(This article has been updated – the new information is italicised below)
A new community discussion paper, launched today by Melbourne IT
, is calling for greater protection for those brands most at risk of cybersquatting at the second level of new generic top-level domains (gTLDs). The organisation is now seeking community feedback on the proposals, which it aims to present at the next ICANN meeting.
The trademark community has long been concerned with trademark protection at the second level
of gTLDs, and today Melbourne IT published a community discussion paper
, which proposes that organisations with ‘High At-Risk Marks’ (HARM) should be given greater protection at the second level.
Melbourne IT’s CEO and managing director, Theo Hnarakis, explains: “ICANN’s current guidelines and initiatives to protect trademark holders do not go far enough. The community discussion paper aims to form the basis for a strong, credible and balanced policy document developed by the community to put to the ICANN community for consideration at ICANN’s Toronto meeting in October. I encourage all concerned businesses, governments, non-profit organisations and consumer interest groups to join us in developing this policy into a compelling solution for what is likely to be a significant problem for consumers online.”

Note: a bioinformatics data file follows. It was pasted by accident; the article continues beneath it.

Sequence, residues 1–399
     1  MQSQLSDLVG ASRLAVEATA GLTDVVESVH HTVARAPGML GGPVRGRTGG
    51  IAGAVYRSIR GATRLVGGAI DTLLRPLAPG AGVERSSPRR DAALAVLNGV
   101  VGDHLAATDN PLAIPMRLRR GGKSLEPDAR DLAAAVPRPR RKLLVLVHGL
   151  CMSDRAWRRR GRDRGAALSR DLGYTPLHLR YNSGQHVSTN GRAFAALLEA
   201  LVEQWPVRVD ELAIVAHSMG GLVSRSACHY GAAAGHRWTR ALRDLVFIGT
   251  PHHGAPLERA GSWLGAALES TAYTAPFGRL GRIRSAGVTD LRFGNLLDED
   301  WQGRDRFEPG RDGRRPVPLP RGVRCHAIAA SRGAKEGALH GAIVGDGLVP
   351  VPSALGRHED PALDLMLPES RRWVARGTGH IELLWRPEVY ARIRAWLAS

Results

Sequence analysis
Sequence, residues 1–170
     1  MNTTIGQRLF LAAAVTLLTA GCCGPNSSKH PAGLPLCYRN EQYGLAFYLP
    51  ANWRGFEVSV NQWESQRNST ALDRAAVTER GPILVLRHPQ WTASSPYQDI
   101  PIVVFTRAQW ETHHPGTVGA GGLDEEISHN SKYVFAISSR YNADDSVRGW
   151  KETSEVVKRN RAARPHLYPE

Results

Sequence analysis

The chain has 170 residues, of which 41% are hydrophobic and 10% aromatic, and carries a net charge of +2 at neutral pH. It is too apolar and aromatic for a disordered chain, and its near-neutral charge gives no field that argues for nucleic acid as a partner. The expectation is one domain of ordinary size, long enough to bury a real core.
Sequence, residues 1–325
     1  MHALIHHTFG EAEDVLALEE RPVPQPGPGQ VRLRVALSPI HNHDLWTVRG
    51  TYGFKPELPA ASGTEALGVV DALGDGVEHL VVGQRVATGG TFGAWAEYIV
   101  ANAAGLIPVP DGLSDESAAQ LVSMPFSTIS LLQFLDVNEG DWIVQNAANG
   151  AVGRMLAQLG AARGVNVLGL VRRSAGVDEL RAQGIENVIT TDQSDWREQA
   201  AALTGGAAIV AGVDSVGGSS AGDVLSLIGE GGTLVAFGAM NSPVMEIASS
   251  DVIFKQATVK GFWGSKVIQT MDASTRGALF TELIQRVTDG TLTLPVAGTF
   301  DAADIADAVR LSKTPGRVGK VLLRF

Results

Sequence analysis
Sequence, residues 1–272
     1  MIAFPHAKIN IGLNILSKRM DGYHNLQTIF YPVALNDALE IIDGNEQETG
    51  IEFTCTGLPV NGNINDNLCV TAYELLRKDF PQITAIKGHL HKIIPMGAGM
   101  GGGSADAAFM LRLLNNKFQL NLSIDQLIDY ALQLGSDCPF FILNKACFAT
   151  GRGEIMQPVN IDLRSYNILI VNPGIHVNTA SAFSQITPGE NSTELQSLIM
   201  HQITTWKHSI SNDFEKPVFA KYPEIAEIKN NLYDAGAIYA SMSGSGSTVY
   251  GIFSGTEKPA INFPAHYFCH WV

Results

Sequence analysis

So, onto the detail. Essentially, additional protection is suggested for those brands that are frequent victims of “unscrupulous persons or organisations that use online techniques to mislead the general public. This is particularly the case where consumers may be misled to either conduct online financial transactions, or provide highly confidential personal or financial information”.